MACONDO April 2010 – Deepwater Horizon

On April 20, 2010, the blowout of the Macondo well resulted in explosions and an uncontrollable fire onboard the Deepwater Horizon. Eleven people lost their lives, 17 were seriously injured, and 115 of the 126 onboard evacuated. The Deepwater Horizon sank 36 hours later, and the Macondo well discharged hydrocarbons into the Gulf of Mexico for nearly three months before it was contained.

Transocean was contracted by BP Exploration & Production Inc. (BP) to provide the Deepwater Horizon rig and personnel to drill the Macondo well on Mississippi Canyon Block 252. Drilling started on February 11, 2010, and was completed on April 9, 2010.

Immediately following the incident ENGINEERING SERVICES LP was contacted by the U. S. House Energy and Commerce Committee under the leadership of Chairman Henry Waxman of California and Bart Stupak, Michigan. We were requested to help the committee understand the nature of the incident and to provide them guidance in developing their questions for BP’s CEO, Tony Hayward. The effort we expended to help the committee was driven by the need to protect the industry from misunderstandings and lack of knowledge. The assistance we provided to the Committee was done pro bono. In a very short period of time with very little information, we analyzed the available facts and information surrounding the incident to accurately determine the immediate nature of the incident.

Subsequently, the Committee requested that the Chemical Safety Board (CSB) investigate the cause of the blowout of the Macondo well. ENGINEERING SERVICES, LP was made aware of the requested and contacted the CSB for an opportunity to provide a bid to perform the investigation. We were the successful bidder and were contracted by the CSB to participate in the root cause failure analysis of the BOP (blowout preventer).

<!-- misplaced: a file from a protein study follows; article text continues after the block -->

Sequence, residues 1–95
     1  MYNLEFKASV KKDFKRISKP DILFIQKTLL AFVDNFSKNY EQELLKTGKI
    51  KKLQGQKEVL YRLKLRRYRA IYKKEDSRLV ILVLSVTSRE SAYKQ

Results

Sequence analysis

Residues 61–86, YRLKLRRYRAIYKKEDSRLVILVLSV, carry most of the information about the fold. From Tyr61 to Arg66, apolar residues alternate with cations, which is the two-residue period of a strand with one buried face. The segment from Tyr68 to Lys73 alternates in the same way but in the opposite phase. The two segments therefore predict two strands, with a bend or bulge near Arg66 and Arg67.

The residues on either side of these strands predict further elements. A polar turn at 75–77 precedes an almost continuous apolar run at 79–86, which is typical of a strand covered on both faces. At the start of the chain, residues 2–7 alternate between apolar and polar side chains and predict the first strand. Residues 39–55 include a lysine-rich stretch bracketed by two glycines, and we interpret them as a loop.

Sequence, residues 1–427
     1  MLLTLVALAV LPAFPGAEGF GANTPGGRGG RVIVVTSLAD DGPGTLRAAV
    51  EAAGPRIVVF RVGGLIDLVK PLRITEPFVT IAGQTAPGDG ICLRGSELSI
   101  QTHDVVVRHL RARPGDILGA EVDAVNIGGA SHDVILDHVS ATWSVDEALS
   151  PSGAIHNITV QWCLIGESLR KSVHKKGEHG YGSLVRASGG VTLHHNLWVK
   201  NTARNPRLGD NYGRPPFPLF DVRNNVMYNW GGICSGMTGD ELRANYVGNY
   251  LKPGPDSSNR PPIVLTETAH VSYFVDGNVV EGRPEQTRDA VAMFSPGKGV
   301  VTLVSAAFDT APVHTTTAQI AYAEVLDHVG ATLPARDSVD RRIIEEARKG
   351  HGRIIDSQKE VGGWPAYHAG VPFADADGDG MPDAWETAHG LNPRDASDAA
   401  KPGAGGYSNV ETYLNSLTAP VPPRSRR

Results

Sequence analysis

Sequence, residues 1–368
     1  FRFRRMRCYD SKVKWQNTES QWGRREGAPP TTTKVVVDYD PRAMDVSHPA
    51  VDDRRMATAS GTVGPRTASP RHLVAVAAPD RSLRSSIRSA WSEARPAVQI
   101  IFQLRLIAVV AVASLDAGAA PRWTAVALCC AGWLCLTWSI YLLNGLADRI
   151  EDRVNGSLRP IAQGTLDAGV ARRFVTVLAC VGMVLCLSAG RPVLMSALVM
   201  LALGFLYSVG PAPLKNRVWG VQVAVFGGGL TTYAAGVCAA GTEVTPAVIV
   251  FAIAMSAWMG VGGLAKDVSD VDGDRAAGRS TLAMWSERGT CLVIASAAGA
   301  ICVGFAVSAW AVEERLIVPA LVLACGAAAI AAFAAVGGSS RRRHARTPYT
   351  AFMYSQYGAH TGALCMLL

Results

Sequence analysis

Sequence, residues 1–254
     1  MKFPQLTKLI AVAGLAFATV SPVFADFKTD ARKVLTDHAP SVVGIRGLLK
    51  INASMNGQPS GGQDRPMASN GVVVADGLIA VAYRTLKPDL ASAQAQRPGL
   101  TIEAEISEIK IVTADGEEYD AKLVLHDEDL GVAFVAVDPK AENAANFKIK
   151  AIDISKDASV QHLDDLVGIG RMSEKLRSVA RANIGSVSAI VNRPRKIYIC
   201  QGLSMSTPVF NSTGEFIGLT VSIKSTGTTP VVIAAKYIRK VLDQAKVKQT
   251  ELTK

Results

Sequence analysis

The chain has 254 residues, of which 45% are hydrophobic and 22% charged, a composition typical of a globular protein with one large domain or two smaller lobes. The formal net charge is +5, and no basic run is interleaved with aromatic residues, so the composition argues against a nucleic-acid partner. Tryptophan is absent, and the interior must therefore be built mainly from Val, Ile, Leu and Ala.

Engineering Services, LP, Gordon Aaker news/videos/articles on various topics below:

May 30, 2014

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June 5, 2014 CSB Meeting, 4:00 to 7:00 pm CDT »

Location: Hilton Americas, 1600 Lamar Street, Houston, TX 77010
Open to the Public

Gordon A. Aaker, Jr.
Engineering Services, LP

FEBRUARY 6, 2013
Newsletter Announcement

As promised, Engineering Services, LP, has left no stone unturned in our investigation of the BP Macondo BOP failure. The final details of our investigation and our findings have recently been provided in multiple reports to the Chemical Safety Board.

In part, the additional time required to complete our investigation was the result of not being invited to participate in Phase II Testing. It was not clear why the judge excluded the CSB’s participation in this Phase of testing. In any event with a little cooperation from the industry we were able to secure resources and equipment to duplicate and expand the testing protocol to ensure accurate results.